Published: 15th May 2021
How Shruti Tharayil's workshops will help us find food, medicine in all the 'forgotten' plants that grow around us
Kerala-based Shruti Tharayil knows a lot about wild plants, information which she has pain-stackingly gathered over the years. And now, she is willing to share them with you as well. Here's how
The wilderness holds many secrets, most of which were discovered by our ancestors. They manifested themselves when someone had a cold and a certain plant was used to remedy it or some cooling or even some soulful tea prepared with a wildflower. But somewhere, these secrets faded from public consciousness. There have been many who have been on the quest of their rediscovery.
During a workshop | (Pic: Forgotten Greens)
In 2011, an explorer by the name of Shruti Tharayil was working with rural women who would harvest plants, that were otherwise considered useless, and cook delicious meals with them. This was a part of her NGO Rela for which she worked with rural and adivasi women of rural Andhra Pradesh. "I was awestruck. Even plants that are often overlooked or seem useless have so many properties, I wanted to know about them all," says the 33-year-old. From then on, she plucked all these secrets from the minds of the knowledgeable and filed them in her mind. Now, she is ready to share all of them in her workshops.
Identify it in your surroundings | (Pic: Forgotten Greens)
The Thrissur-born social worker, who currently resides in Kozhikode, had already opened up the treasure trove of knowledge and had been sharing tidbits via her Facebook and Instagram pages called Forgotten Greens since 2018. "The focus was to learn about plants that I see every day, that grow wild and free in urban as well as rural areas," she says. Her reference points were always the elderly from her own family who guided her through everything. Take for example calotropis gigantea or the crown flower, the name might not ring a bell, but it's that purple flower that pops up on roadsides. The sap of its leaves are actually a natural pest repellent. How about slender amaranth? A wild leaf that could be used to make the Gujarati snack Muthiya, a steamed delicacy. Such are the precious gems she knows about. Essentially, what she has done via her social media pages is to inform people about how to identify these plants, their properties and recipes and whether it's edible or medicinal.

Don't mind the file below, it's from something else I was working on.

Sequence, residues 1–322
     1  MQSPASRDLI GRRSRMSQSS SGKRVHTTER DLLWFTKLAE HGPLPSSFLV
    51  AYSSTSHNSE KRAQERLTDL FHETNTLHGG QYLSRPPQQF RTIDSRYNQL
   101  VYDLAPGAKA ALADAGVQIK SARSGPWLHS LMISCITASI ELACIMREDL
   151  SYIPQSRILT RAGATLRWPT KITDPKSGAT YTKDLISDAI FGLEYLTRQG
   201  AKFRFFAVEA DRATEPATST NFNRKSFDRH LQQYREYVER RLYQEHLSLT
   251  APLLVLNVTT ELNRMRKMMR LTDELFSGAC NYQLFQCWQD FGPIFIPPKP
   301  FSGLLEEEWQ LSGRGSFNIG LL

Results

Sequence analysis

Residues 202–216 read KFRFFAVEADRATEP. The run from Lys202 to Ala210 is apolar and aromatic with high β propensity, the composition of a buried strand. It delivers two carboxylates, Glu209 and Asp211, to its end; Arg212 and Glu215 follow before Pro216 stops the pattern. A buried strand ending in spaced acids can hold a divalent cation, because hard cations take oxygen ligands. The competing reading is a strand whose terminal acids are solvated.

Shruti | (Pic: Forgotten Greens)
"Since the lockdown last year, people have been almost forced into observing their surroundings. That's when interest around my pages grew," says Shruti. That's also why she started conducting online workshops in August last year and has held three of them so far. "What happens is I share information and show the participants the plant. They go out to forage for them and come back and then an information-sharing session begins," says the youngster who pursued her PG in Women's Studies from TISS. Some of the most fascinating finds are butterfly pea, a flower which when boiled with water gives the most beautiful cobalt blue tea. And if you add lemon to it, it turns pink! The leaves can be added to your hair pack, the roots are anti-depressant, it's a wonder plant all the way.
Made from what she found | (Pic: Forgotten Greens)
"All of my experiences have really made me rethink modern practices. I've never been a strong believer of allopathy and the shift happened gradually yet consciously," explains Shruti. And now, she is waiting for those showers which make everything all the more greener in the coastal states and which will certainly bring out the wilds in all their glory. Then, her workshops will begin again.
For more on her check out instagram.com/forgottengreens